Pennsylvania and Virginia are among the states that have already agreed to pay for service, citing the need to ease road congestion, spur economic development and remain connected to the Northeast line. But other states, like Indiana, are still debating what to do. In most cases, the routes run at a loss, say state officials, who view them more as an infrastructure investment like a highway.
The cost-sharing arrangement between Amtrak and the states, mandated by a 2008 law, is designed to reduce federal support for Amtrak, which has received nearly $40 billion in taxpayer subsidies since its founding in 1971, and has never made a profit. Last year, the railroad got about $1.4 billion in federal money for its operations, rail maintenance and equipment purchases.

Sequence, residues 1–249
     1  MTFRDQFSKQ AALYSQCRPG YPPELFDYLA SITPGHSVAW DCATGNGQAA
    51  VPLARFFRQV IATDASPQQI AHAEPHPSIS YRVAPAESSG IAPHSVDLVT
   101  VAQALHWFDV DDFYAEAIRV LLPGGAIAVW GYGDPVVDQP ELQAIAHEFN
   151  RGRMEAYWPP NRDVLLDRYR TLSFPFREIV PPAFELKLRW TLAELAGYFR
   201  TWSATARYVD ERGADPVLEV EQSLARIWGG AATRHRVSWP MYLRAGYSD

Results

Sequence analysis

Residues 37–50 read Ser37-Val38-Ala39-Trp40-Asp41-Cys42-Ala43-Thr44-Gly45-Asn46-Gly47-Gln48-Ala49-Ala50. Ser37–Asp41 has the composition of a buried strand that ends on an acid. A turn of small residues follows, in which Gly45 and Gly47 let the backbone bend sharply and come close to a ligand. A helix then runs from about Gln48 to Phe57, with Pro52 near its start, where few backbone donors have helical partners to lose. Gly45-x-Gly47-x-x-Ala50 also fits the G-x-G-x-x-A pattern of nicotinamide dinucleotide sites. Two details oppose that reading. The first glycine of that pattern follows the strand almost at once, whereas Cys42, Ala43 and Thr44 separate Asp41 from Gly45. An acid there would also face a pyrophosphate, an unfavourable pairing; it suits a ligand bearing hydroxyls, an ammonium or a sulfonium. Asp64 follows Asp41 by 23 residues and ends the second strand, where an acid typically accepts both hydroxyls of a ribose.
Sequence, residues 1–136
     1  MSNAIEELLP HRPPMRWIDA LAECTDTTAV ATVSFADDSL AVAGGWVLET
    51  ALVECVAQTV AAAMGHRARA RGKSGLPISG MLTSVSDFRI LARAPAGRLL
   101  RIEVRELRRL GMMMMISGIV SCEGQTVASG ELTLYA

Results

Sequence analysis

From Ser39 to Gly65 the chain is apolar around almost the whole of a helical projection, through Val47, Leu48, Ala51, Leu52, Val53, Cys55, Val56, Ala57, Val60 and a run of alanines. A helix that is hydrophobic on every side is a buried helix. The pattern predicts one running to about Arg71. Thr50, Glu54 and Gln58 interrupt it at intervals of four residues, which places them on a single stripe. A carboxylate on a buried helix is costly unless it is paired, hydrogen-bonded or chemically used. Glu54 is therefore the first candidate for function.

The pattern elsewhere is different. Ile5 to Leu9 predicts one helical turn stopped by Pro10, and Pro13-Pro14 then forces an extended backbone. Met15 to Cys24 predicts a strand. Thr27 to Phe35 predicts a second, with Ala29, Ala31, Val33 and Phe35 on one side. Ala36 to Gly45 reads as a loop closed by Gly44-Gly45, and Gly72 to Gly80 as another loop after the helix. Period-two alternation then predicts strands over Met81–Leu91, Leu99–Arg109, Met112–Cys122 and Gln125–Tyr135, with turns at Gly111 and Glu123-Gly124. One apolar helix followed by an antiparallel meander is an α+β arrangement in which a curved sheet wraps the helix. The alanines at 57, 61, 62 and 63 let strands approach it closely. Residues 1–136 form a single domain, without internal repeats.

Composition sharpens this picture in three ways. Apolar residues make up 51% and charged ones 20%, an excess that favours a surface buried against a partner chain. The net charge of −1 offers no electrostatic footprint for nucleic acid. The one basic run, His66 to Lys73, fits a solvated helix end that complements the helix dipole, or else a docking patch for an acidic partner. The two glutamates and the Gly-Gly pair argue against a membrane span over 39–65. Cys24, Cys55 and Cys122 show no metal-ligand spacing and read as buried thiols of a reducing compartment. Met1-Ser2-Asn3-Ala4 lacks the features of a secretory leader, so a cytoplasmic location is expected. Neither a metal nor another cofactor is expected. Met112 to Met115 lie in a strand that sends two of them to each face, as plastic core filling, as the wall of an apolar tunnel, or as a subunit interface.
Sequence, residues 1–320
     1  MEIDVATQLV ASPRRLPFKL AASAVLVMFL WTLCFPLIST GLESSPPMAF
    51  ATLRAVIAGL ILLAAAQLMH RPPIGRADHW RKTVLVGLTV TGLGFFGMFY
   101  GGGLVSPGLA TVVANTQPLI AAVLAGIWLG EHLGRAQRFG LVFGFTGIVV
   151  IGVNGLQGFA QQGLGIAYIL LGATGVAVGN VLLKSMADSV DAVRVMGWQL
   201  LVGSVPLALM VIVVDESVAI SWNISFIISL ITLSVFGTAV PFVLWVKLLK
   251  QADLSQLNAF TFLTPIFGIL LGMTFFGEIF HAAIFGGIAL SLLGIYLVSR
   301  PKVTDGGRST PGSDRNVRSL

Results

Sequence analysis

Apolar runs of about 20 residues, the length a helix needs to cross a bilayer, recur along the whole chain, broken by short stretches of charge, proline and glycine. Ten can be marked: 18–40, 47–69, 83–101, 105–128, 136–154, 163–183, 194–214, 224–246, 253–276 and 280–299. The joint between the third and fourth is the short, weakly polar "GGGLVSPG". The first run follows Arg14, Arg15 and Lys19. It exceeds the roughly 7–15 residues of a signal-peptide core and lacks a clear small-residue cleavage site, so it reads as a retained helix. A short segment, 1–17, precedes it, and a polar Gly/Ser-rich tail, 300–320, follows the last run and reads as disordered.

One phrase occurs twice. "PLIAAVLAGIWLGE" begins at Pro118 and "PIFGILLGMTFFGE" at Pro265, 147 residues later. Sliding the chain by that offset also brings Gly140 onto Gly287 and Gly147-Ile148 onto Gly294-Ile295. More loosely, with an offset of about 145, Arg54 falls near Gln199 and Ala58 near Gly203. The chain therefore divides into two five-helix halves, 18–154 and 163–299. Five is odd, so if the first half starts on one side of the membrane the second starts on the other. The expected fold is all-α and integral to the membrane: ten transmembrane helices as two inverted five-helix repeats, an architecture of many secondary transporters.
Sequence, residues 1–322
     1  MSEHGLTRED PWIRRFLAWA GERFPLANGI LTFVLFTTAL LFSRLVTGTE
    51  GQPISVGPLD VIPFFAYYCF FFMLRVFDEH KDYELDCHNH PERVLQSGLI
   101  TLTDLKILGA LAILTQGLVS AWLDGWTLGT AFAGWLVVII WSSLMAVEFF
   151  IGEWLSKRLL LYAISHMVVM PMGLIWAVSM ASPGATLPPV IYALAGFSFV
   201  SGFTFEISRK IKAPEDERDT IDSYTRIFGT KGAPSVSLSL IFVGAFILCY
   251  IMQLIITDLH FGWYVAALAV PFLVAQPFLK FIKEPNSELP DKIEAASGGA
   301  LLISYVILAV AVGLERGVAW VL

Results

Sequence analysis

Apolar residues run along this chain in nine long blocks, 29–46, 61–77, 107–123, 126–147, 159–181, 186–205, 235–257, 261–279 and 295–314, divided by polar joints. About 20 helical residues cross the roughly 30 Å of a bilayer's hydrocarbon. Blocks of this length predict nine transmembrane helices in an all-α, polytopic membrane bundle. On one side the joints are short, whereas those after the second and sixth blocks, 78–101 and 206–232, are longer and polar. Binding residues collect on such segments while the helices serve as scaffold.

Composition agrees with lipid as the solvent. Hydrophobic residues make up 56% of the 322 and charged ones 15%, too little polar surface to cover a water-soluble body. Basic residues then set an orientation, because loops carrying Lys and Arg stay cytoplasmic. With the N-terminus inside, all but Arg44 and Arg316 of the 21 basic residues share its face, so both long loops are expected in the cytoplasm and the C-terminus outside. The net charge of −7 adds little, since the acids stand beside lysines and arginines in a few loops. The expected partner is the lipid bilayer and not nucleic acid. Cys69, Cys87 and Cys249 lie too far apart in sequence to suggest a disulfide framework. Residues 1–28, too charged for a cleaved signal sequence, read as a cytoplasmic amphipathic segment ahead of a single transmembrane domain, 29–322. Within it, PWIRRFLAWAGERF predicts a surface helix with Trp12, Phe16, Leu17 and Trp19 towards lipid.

Last year, Amtrak — which says ticket prices and fees cover about 88 percent of its operating costs — lost more than $450 million, mostly a result of constant maintenance of tracks and bridges that are decades old. Its long-distance routes also contribute to the losses, but they are not included in the cost-sharing program because they cross so many states.